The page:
Category Archives: Ken Crow

By the Numbers: Hallmark Underrepresenting Later Treks (1991-2016)

Star Trek 

James T. Kirk: 12

Spock: 12

Leonard McCoy: 4

Uhura: 3

Montgomery Scott: 2

Hikaru Sulu: 2

Pavel Chekov: 1

Nurse Chapel: 0

Star Trek: The Next Generation

Jean-Luc Picard: 4

William Riker: 1

Data: 3

Worf: 1

Geordi LaForge: 0
Deanna Troi: 0
Beverly Crusher: 0
Guinan: 0
Wesley Crusher: 0
Tasha Yar: 0

Star Trek: Deep Space Nine

Benjamin Sisko: 1

Worf: 1

Kira Nerys: 0
Jadzia Dax: 0
Odo: 0
Julian Bashir: 0
Quark: 0
Miles O’Brien: 0
Jake Sisko: 0
Ezra Dax: 0

Star Trek: Voyager

Kathryn Janeway: 1

Seven of Nine: 1

The Doctor: 1

Chakotay: 0
Neelix: 0
B’Elanna Torres: 0
Tuvok: 0
Tom Paris: 0
Harry Kim: 0
Kes: 0

Star Trek: Enterprise

Jonathan Archer: 1

T’Pol: 1

Trip Tucker: 1

Phlox: 0
Travis Mayweather: 0
Malcolm Reed: 0
Hoshi Sato: 0

Star Trek: Discovery

Captain Georgiou: 0
Lt. Stamets: 0
Lt. Saru: 0

05) 1995 Ships of Star Trek


This set of three miniature Hallmark ornaments feature smaller versions of previoulsy released Hallmark keepsake ornaments – The Starship Enterprise from the original tv series, U.S.S. Enterprise 1701-D, and the Klingon Bird of Prey from Star Trek: The Next Generation. These miniature ornaments can hang independently, or be hung from the 2001 Space Station Deep Space Nine Hallmark ornament. When combined with the 2001 Starfleet Legends, you can create your own miniature Star Trek fleet.

Size: Approx 1 1/2″ W each

03) 1993 U.S.S. Enterprise D


Original Retail:


Novelty:  String light

Box Text:   The U.S.S. Enterprise from the TV program STAR TREK: THE NEXT GENERATION, voyages to your galaxy to light up your tree.  This unique starship, with its blinking and glowing lights, will fill your holiday with Keepsake Magic!

Serial #:  QLX741-2

Lynn Norton…“At the time, Paramount would send me original blueprints and photos of the filming model as it was being constructed. I had access to detail that wasn’t readily apparent on our TV sets in those days, and I was able to explore and appreciate the design. I always imagined how I wanted to be part of the teams that built those studio models. It was thrilling for me to see the materials they were sending me. What appealed to me most was the level of detail visible on the hull and nacelles. The original was very simplistic in nature, and I had no problem with that. On the D, everything was busy.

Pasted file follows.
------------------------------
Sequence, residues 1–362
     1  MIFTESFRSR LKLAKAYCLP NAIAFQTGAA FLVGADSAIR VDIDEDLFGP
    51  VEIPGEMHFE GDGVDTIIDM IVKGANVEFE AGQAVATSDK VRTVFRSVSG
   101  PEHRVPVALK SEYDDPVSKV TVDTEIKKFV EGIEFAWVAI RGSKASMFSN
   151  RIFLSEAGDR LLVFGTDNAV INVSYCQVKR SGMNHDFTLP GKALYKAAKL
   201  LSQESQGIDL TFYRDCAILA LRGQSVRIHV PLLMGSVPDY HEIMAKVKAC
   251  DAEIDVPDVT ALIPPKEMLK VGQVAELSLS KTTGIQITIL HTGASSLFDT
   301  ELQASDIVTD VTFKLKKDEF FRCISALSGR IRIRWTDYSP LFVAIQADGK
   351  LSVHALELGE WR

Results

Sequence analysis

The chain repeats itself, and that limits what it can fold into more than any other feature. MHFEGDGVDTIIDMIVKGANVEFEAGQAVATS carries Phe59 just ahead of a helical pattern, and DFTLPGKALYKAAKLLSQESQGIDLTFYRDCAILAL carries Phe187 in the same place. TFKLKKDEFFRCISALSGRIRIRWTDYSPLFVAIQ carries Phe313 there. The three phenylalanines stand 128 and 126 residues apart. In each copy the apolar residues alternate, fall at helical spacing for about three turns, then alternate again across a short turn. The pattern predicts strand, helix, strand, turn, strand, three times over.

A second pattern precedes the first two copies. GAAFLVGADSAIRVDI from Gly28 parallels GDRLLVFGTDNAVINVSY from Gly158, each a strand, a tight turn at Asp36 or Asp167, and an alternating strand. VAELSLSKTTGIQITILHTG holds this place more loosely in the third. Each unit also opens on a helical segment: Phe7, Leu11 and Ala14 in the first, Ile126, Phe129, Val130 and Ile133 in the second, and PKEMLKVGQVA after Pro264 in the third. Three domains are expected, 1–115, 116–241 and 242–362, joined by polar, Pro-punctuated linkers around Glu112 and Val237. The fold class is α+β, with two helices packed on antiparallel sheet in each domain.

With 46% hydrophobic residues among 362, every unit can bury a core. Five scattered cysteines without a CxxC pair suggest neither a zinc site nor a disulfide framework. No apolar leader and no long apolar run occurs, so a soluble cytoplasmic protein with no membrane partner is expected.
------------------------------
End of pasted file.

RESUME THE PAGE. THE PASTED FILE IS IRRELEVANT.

“The Aztec patterns on the hull caused us some concern. What people are imagining on these end products is an extension of what happens in real life. Much of the hull plating is prefabricated and painted at the factory and there are little bits of variation in the paint lots, so there is a small difference in tone for each plate. Also, as plates go over curves, reflectivity changes. It happens on metal aircraft, so we’re familiar with seeing it. Even if you have no paint, the fact that metal when formed will change its lighting characteristics just slightly enough that it ends up with a patchwork look. But on an ornament, capturing that look can add literally hundreds of decoration steps, whether spray masks or pad printing or however you choose to do it. We chose not to.” – See more at: